Teaching English in Germany

Is teaching English in Germany a fairytale type of story? Well, it’s a popular country to teach because it has a low cost of living, great work-life balance, and a lot of job opportunities.

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The job market in Germany is thriving and it’s one of the easier EU countries to find work in. Teaching English in Germany is mostly all freelance work. The country has everything you need – a low cost of living, great work-life balance, and brilliant beer. You likely won’t end up in a school because they’d rather hire you as a freelancer instead.

To legally work in Germany, you will need a work permit. To get that you will need to show proof of a job offer and you have all the right qualifications. You will also need to show that you have a university degree, clean criminal record, and health insurance.  Many applicants also have certification in CELTA, TEFL, or TESOL.

If you are from another European Union nation, there are not many barriers when it comes to paperwork for English teaching jobs in Germany. On the other hand, non-EU applicants from Canada, Australia, and New Zealand can apply for a working holiday visa. Americans have several options for applying into recognized programs for teaching jobs in Germany.


The first thing you have to understand that teaching English in Germany is mostly just freelance work. Because it’s freelancing, none of the schools you work for will contribute to your pension or health insurance. Also, working for several different language schools means you have to travel between classes.

As most of the work involves teaching in an in-company setting, you can expect to teach adults. They are typically quite motivated, and very knowledgeable about grammar and they will expect the same from you. If you would rather teach children, you should look into working at an English-language Kindergarten or a language academy for Young Learners (YLs).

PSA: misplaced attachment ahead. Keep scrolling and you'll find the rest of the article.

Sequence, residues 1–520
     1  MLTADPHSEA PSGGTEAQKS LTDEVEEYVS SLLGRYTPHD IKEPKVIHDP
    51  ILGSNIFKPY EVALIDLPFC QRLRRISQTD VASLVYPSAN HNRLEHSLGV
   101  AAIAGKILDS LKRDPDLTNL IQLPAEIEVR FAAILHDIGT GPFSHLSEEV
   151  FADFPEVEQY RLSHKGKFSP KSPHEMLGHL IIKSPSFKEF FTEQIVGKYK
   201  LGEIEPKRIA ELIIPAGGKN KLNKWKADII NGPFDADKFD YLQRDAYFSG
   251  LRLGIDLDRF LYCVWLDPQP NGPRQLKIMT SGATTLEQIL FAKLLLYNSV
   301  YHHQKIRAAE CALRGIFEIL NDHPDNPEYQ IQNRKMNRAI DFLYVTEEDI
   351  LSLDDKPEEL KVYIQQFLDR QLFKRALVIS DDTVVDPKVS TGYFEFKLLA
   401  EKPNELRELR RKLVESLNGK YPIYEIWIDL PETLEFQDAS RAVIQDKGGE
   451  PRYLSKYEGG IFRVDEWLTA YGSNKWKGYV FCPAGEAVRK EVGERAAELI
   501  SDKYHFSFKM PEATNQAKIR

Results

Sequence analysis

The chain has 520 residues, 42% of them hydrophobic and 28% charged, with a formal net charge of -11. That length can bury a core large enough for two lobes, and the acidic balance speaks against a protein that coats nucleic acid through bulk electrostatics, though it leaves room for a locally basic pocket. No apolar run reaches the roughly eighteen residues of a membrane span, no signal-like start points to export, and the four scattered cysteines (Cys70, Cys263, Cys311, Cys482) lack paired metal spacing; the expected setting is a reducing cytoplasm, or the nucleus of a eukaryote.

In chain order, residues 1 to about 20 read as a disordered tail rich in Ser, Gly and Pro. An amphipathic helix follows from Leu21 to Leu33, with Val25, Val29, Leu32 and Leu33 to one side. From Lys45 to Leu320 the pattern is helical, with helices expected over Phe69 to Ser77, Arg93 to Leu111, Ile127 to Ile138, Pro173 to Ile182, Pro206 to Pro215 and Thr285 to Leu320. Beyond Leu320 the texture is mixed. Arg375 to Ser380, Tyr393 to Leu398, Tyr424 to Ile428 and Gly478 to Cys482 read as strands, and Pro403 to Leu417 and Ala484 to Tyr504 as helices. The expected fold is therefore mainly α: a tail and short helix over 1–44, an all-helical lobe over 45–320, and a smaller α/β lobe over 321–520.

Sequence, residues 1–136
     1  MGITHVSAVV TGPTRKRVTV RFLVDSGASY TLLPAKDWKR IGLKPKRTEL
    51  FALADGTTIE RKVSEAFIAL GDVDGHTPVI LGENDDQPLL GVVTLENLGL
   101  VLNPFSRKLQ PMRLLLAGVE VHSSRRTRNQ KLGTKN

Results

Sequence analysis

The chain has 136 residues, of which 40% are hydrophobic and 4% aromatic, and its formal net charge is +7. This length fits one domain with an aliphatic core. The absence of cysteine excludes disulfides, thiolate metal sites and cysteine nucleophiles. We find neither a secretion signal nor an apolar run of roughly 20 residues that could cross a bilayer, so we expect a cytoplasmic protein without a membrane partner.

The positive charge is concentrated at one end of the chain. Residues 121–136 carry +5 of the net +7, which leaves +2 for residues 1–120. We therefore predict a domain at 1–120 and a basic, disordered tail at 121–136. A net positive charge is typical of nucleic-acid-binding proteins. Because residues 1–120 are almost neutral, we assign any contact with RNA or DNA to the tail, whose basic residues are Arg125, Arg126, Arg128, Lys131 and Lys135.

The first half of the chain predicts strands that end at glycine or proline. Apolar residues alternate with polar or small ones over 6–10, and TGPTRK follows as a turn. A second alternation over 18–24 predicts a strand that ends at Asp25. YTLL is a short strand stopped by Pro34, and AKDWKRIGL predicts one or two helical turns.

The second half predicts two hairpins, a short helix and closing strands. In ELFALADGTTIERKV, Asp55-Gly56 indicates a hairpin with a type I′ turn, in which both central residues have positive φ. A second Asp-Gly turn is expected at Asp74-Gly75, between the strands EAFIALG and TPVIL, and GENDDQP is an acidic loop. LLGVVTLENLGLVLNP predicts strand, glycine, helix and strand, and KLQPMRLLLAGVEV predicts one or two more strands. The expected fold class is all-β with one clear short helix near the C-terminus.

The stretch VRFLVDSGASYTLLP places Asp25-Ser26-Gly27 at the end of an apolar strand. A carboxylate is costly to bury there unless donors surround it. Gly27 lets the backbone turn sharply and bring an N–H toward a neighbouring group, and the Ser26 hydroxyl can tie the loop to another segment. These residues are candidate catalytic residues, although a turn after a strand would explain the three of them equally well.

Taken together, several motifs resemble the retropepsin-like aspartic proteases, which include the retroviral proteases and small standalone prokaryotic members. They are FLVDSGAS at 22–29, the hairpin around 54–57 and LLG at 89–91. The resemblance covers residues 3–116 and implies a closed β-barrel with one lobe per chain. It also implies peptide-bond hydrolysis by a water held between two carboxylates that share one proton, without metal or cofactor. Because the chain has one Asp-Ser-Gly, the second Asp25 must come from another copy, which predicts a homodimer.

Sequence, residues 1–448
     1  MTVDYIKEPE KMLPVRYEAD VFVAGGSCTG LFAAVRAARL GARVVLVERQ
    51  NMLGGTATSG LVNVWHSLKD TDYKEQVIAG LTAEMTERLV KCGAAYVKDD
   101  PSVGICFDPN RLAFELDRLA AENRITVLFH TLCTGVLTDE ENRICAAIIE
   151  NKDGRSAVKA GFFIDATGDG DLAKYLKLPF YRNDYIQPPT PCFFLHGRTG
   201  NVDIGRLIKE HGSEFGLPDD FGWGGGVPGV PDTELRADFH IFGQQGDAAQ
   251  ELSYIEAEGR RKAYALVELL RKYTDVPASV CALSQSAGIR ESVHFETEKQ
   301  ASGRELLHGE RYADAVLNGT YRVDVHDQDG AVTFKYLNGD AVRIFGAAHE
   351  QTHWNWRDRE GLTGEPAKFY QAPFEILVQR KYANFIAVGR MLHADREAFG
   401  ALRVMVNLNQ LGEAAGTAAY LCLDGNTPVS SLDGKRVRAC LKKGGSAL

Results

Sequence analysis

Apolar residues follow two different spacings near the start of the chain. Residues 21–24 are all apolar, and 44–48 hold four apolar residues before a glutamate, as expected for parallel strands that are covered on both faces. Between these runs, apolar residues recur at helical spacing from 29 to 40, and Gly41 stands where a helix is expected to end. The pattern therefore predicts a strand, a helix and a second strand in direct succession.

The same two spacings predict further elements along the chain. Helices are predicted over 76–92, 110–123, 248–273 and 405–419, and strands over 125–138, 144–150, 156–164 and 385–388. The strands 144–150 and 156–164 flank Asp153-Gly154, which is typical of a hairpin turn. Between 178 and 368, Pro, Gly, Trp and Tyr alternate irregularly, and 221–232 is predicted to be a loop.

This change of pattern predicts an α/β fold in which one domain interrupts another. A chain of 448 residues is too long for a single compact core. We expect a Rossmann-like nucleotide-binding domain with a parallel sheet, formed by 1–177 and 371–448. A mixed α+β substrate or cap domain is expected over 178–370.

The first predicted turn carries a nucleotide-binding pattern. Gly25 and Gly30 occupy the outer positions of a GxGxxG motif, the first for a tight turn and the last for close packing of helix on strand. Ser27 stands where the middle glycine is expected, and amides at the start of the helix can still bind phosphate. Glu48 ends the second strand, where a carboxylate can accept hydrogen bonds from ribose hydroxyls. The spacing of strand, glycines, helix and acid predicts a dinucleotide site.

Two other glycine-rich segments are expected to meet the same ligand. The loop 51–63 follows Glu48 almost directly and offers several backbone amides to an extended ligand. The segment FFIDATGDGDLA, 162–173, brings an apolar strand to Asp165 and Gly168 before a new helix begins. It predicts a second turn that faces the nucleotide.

Fulbright – If you are an American student who wants to teach in Germany, Fulbright might be one of the best opportunities for you to get started. In Germany, placement types range from primary through secondary schools.

DAAD Scholarships – Join the 1,000 foreign students network who come to Germany as foreign-language assistants (FLA). Successful applicants enter host schools and support the local subject-specialist teachers in their native languages.

International Schools – If you are already qualified as a primary or secondary teacher in North America with at least two years of experience, you should consider applying for jobs at international schools. 

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Apply for Premier TEFL’s internship program for teaching English in Germany and TEFL certification.

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American students can apply for Fulbright who offer placement in public schools in Germany.

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Join DAAD a network of foreign students who come to Germany as foreign-language assistants (FLA)

Here are some of the most popular employers for English teachers in Germany and job boards for freelancing opportunities:


On average, freelance English teachers work about 25 hours per week and earn an average monthly salary of €2,000 ($2,400 USD). Once deductions for healthcare and pension are made, this works out at around €1,400. Hourly rates range from €21-25.

Because most jobs require you to be a freelancer, you can set your schedule with as many of as few hours as you want. Depending on the school, a teaching hour doesn’t always necessarily mean it’s one hour, and is often considered to be 45 minutes instead.